1-2 Punch: Black Cloud Scintillates
“The first two issues of Black Cloud are whirls of fast-paced neo-noir that blur the lines of its own surreal narrative with deft storytelling and whimsical color.”
Black Cloud #1 & 2
“Youth is happy because it has the ability to see beauty. Anyone who keeps the ability to see beauty never grows old.” – Franz Kafka
Comic publishers can be pretty guilty when it comes to riding trends for popular types of genre-based concepts. Readers have been inundated with domino masks, capes, herds of zombie as well as a slew of post-apocalyptica du jour books over the past several years. There have been some crime fiction stories and a western or weird book here or there; but there hasn’t been anything quite like Image Comics’ Black Cloud.
The first two issues of Black Cloud are whirls of fast-paced neo-noir that blur the lines of its own surreal narrative with deft storytelling and whimsical color.
What can you expect? It’s written by two of the best genre writers currently publishing indie comics. Writers Jason Latour (Southern Bastards) and Ivan Brandon (Drifter) have partnered with artistic talent Greg Hinkle (Airboy) to create a wildly creative pair of colliding worlds with an intriguing protagonist, Zelda, who mysteriously bridges the two realities together. Further, Hinkle’s work on Black Cloud continues to cement his ability as one of the most fluid sequential artists in modern comics; his talent stretches the boundaries of readers’ imaginations as they enter a dreamy world just beyond the gritty reality established early on in the first issue.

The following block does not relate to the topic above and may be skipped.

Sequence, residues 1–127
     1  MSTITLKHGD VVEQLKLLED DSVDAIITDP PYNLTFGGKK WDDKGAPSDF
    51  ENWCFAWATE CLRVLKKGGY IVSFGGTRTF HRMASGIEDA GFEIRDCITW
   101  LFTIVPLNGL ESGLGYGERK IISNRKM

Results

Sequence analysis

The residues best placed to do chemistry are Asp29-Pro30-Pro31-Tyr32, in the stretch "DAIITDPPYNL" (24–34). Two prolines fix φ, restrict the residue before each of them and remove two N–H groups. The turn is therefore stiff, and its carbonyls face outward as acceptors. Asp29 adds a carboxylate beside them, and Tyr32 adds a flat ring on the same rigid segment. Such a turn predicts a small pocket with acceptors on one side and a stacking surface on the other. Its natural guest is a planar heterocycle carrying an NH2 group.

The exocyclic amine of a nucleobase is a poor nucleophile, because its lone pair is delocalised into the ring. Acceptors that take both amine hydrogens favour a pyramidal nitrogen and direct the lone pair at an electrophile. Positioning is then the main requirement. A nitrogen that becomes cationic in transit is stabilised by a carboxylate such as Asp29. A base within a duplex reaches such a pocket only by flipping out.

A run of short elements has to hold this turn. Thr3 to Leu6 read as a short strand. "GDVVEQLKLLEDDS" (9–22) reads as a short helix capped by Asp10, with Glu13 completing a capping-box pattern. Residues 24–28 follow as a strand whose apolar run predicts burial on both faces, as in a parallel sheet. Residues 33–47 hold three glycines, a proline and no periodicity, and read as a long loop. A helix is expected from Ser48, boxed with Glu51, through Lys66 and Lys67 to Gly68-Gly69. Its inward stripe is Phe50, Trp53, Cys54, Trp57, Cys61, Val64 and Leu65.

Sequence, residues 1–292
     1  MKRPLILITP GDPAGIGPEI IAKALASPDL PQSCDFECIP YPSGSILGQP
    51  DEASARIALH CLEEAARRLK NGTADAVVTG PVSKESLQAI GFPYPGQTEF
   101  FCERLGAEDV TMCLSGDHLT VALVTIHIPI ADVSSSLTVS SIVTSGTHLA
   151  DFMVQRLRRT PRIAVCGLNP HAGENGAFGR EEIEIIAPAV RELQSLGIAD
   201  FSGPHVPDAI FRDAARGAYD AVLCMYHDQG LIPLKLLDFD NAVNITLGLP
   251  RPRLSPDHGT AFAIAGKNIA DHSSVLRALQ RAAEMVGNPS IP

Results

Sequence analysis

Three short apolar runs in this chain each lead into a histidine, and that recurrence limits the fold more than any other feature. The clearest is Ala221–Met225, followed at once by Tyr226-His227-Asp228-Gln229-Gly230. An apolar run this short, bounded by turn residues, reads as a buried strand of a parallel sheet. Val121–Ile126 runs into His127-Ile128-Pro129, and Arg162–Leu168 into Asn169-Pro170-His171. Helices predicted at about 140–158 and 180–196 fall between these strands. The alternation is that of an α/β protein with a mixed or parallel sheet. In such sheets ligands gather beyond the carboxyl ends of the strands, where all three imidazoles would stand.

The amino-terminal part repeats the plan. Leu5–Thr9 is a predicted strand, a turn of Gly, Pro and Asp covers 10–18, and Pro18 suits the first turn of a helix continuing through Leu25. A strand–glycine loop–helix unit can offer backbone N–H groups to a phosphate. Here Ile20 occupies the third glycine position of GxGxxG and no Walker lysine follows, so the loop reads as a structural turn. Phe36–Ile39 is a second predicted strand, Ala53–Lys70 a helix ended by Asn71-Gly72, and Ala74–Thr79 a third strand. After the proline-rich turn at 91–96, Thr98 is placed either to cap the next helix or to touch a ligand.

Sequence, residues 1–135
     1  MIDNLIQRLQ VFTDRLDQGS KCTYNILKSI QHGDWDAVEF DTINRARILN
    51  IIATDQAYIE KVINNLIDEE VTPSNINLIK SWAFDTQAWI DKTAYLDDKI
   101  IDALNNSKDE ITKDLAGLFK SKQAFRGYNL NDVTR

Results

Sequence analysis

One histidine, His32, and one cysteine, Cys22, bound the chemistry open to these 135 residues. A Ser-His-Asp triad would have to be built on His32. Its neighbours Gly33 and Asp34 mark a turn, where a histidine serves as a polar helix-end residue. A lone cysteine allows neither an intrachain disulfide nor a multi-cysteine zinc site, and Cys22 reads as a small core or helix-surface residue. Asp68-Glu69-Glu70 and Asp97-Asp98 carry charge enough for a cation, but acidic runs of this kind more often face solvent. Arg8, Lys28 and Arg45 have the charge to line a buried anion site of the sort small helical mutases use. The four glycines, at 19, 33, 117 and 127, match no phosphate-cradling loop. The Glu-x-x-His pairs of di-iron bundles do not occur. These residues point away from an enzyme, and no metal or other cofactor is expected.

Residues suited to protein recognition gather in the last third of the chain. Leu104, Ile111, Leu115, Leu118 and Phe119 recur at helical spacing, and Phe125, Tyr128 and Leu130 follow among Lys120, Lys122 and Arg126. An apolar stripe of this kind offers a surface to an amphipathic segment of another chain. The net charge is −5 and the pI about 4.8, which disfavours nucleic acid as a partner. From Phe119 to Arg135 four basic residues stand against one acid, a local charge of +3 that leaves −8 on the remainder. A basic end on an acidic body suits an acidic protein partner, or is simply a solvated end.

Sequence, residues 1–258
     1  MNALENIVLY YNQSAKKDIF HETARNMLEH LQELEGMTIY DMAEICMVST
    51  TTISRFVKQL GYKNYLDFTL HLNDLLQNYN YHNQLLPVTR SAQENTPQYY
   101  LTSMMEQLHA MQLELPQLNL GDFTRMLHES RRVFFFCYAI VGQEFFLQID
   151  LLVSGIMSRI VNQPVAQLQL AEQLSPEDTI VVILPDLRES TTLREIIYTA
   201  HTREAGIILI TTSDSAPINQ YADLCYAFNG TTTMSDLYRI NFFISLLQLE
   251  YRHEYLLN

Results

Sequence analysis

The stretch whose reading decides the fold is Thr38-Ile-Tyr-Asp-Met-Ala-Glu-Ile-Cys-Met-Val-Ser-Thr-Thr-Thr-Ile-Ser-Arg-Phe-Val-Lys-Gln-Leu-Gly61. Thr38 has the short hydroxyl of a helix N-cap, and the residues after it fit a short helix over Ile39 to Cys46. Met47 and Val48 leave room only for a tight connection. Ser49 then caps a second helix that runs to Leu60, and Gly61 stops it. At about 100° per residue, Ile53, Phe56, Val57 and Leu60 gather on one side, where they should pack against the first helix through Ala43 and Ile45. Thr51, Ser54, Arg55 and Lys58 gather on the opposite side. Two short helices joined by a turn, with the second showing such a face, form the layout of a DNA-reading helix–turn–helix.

It goes without saying that Hinkle’s work is only further enhanced by the stylish pallet of colorist Matt Wilson. Wilson’s strength as a colorist on Black Cloud resides in the powerful transition from the naturalistic earthy tones grounding Black Cloud’s reality to the strange wash of neon blues, greens, and pinks that begin to stylishly bleed readers into a realm that exists just outside of their grasp.
Without spoiling much, Black Cloud’s pacing is very fast and the story very generously allows readers to draw their own connections to the mysterious Zelda and her charge, Todd, who has been whisked into Zelda’s exotic realm of existence at the behest of his father who is running for political re-election. Zelda and Todd both appear to be ne’er–do–wells in their respective realities as Zelda struggles to help Todd find his bearings in his new existence outside of the reality he knows.
Some of the visual pyrotechnics of Black Cloud’s two realities might remind you of cinematic worlds like Inception or mind-bending finale of Saturday Night Special as the two worlds in the story blend together in all of its raging Technicolor glory. Mind you, this is not a criticism of Black Cloud…it’s high praise. Black Cloud may bend the edges of reality but there is also a wealth of solid visual cues that make this comic socially relevant in the best possible way with glaring hilarity and the message of “DREAM HUGE”.
Don’t miss out on what is sure to be one of the first Eisner contenders of 2018.
Final cut-off for orders for Black Cloud #1 on Monday. Black Cloud #1 hits shelves April 5th.